8 Choices, 4 spots = number of options?

There is a commercial airing right now about a fast food chain having 8 menu items to choose from, pick four. You can pick the same item 1, 2, 3, even 4 times. The commercial claims that there are 320 possibilities. How so? My numbers are huge...

1 Answer

  • 1 decade ago
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    Let C(n,k) be the binomial coefficient n!/k!(n-k)! (C(n,k) is the number of ways to select k things from n things, when order doesn't matter). Clearly, you want to use C(n,k), since your meal doesn't depend on the order in which you choose the menu items. (In case you're unfamiliar with the notation, n! = n(n-1)(n-2)...1).

    The number of ways to pick 4 items is C(8,4) = 70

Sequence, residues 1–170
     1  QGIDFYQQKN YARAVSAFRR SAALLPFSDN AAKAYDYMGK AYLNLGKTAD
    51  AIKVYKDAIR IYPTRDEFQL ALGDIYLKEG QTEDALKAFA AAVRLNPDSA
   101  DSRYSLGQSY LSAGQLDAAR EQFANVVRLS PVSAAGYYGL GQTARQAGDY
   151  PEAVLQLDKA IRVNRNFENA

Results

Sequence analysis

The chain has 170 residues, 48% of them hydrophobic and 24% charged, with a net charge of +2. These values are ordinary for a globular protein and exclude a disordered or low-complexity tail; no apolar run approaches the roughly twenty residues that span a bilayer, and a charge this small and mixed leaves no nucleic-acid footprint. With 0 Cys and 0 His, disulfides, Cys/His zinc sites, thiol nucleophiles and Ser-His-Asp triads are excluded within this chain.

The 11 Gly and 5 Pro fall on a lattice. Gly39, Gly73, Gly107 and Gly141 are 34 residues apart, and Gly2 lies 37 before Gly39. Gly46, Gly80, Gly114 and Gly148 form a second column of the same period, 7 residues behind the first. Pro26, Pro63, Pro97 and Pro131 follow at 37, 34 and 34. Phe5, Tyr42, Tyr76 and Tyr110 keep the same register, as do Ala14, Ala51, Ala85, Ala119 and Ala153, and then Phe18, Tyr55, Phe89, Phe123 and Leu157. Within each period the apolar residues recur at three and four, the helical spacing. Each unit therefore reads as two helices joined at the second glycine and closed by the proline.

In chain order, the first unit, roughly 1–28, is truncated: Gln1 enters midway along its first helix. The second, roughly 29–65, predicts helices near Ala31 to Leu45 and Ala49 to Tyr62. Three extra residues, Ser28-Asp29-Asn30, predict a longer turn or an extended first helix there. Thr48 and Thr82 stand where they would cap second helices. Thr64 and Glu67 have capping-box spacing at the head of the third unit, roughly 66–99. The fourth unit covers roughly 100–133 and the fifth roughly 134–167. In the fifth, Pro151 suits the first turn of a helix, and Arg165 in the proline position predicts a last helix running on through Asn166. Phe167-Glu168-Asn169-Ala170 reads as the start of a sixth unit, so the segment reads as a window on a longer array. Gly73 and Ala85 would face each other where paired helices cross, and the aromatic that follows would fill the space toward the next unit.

The number of ways to pick 3 items is 3*C(8,3) = 168 (there are 3 ways in each choice to choose which item is doubled)

    The number of ways to pick 2 items where one item is tripled is 2*C(8,2) = 56.

    The number of ways to pick 2 items where each item is doubled is C(8,2) = 28.

    The number of ways to pick 1 item, quadrupled, is C(8,1) = 8.

    Adding these all together, the total is 330, so they were close. If the numbers you're getting are much bigger, it could be because you're counting the order in which the items are chosen.

    Hope this helps (& please don't hold me responsible for any errors in arithmetic -- it's late).

    Source(s): just me.
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